Navigation Timing API
The Navigation Timing API is an endorsed W3C specification that defines a software-based interface that provides timing-related data for websites and applications that covers the complete user experience.
Endorsed in 2012 the original API specification has been widely adopted and available for use in browser technologies to provide a mechanism for performance metrics to be exposed for use by real-time analysis or historical data collection tools. The API provides 2 main interfaces
- PerformanceNavingation - this returns the last non-redirect navigation in the current browsing context.
- PerformanceTiming - this provides access to performance related attributes.
Both interfaces are presented in the illustration in the next section.
In 2019 a new specification, Navigation Timing 2, has been developed as a replacement for the original navigation timing API. The new version builds on the original 2012 scope and extends and builds on the existing timing interfaces and metrics while adding further performance-oriented data points. The replacement API is accessed using a new interface, PerformanceNavigationTiming, which supercedes the 2012 metrics.
In addition to the enhanced metrics, a major change between the versions is the way that time is measured. The 2012 specification measures all timing points in milliseconds since midnight of January 1, 1970 (UTC). Version 2 adopts the W3C High Resolution Time Level 2 recommendation that implements sub-millisecond granularity to timing points and measures all time values relative to the time origin of the Window object (this can be considered as the Document Object - DOM).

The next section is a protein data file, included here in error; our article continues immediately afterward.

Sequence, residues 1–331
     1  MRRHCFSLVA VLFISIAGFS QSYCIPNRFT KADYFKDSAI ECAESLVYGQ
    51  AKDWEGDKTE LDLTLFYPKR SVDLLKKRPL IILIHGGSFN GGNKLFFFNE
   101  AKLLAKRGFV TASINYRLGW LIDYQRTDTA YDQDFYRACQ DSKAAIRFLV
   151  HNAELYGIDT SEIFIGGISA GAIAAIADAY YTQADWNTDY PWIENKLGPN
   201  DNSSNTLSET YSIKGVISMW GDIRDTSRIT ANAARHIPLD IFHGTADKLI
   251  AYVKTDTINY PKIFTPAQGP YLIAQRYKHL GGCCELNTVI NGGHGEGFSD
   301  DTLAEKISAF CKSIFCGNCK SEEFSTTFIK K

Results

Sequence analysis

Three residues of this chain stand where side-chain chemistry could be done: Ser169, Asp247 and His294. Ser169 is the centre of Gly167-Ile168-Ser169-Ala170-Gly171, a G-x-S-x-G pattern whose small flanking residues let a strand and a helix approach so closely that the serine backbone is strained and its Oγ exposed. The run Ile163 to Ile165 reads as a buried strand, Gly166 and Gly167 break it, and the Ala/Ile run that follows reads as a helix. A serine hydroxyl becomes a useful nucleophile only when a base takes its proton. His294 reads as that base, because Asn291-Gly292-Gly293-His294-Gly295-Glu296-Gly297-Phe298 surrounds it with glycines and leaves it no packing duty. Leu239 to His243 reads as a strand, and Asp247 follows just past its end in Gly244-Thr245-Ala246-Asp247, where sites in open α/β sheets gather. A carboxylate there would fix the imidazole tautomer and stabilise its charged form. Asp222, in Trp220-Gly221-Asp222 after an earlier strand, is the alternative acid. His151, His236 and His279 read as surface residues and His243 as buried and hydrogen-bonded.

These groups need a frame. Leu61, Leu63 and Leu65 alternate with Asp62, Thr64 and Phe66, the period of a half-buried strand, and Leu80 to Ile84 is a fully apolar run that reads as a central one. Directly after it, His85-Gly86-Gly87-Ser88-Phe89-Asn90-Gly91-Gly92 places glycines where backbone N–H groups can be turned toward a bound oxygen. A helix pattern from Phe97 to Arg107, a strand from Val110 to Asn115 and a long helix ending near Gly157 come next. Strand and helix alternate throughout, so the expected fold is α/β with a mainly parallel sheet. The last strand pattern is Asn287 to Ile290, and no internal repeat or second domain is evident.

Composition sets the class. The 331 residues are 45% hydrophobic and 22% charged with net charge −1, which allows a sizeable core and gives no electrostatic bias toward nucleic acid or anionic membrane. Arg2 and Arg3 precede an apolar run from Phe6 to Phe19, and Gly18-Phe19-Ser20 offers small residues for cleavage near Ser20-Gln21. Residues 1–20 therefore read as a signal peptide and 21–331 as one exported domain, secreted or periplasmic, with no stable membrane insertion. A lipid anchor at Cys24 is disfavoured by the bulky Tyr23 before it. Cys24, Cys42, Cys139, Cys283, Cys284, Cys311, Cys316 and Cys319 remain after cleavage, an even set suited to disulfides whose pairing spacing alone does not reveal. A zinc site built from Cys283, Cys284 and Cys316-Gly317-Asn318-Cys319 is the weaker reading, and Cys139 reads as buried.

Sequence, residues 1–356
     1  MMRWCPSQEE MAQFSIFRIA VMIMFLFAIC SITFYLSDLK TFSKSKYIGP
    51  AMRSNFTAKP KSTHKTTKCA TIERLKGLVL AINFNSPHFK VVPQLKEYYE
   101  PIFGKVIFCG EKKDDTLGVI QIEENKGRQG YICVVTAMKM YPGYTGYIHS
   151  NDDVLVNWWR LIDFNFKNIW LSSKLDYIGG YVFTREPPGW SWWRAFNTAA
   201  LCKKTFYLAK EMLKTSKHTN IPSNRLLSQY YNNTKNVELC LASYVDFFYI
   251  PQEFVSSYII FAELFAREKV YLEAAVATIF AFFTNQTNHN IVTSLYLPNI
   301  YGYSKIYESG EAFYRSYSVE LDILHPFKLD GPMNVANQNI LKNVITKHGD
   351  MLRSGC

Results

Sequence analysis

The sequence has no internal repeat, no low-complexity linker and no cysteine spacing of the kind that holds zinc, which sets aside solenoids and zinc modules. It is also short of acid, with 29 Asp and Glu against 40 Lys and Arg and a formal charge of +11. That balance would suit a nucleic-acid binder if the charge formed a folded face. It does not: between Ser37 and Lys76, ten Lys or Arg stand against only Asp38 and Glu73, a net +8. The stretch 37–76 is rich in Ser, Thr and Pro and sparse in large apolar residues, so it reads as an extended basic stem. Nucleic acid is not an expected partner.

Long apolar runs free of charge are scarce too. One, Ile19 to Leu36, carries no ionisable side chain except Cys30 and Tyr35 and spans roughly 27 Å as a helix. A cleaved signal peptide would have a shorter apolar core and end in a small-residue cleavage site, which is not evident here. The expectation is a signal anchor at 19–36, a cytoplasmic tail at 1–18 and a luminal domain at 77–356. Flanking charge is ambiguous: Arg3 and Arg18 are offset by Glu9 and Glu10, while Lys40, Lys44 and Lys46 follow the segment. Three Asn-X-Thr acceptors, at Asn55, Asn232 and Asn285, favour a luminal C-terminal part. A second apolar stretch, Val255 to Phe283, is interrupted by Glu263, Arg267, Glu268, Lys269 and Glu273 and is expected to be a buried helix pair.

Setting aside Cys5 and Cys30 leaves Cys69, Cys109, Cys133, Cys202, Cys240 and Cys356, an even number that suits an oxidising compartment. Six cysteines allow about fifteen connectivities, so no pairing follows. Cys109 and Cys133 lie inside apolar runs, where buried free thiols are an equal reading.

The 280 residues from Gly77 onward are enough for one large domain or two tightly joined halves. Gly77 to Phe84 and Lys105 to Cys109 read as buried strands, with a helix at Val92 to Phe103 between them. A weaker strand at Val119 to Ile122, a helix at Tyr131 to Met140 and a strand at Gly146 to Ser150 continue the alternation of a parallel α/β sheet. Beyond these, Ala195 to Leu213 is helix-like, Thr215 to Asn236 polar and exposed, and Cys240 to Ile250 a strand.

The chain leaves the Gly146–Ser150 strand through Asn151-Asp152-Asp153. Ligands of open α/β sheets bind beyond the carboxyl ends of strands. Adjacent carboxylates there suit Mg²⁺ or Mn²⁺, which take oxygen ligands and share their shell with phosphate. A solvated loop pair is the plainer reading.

Version 2 also substantially enhances on the inherent security and privacy necessary to protect the data within the interface for example through limiting access to the interface and enforcement of the same-origin algorithm.
The diagram presents the attributes of the 2012 Navigation specification for both the PerformanceTiming and PerformanceNavigation interfaces.
These interfaces are well established and available in almost every browser and should be available for some time but warnings are beginning to appear in colnsole logs that the timing points may be deprecated in future releases as version 2 becomes formalized and more widely adopted.
This illustration presents the version 2 timing attributes as defined by the PerformanceNavigationTiming interface.
There is considerable depth of detail available in the new interface and the specification details how to access the timing points and also defines the inter-relationships that exists between them. The new specification is already available in many browsers but it should not be assumed that the specification has been adopted. As expected it is older browsers, such as IE11 and Samsung UC, that do not have support but Safari and IOS may also be behind in adoptions. Verification of browser adoption can be checked using caniuse.com.
The wealth of timing and performance data available through these interfaces has enabled the development of comprehensive performance management systems such as APMs, RUM, synthetic monitoring and other performance monitoring tools.